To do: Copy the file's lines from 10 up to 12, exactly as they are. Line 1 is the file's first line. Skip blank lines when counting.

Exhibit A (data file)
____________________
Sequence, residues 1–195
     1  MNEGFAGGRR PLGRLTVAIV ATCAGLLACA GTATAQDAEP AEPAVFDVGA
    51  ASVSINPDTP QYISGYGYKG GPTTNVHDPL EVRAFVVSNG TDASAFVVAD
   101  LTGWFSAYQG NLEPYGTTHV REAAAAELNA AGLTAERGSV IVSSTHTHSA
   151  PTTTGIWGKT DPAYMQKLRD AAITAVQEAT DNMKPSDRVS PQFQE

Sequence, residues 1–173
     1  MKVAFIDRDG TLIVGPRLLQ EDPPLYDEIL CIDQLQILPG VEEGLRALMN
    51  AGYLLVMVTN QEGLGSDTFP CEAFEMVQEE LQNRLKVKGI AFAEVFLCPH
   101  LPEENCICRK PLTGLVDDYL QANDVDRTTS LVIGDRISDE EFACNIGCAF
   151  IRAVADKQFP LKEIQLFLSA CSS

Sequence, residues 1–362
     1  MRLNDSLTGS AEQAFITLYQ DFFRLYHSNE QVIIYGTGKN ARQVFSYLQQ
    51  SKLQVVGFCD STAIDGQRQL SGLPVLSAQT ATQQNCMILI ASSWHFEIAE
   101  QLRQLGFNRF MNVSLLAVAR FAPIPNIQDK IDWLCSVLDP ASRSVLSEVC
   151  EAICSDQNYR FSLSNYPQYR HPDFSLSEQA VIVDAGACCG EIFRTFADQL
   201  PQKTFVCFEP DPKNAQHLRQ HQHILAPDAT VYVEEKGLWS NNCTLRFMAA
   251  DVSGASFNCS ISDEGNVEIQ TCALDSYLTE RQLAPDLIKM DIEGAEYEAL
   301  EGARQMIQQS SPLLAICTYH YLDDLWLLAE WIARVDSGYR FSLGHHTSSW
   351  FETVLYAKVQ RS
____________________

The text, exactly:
   151  IRAVADKQFP LKEIQLFLSA CSS

Sequence, residues 1–362
     1  MRLNDSLTGS AEQAFITLYQ DFFRLYHSNE QVIIYGTGKN ARQVFSYLQQ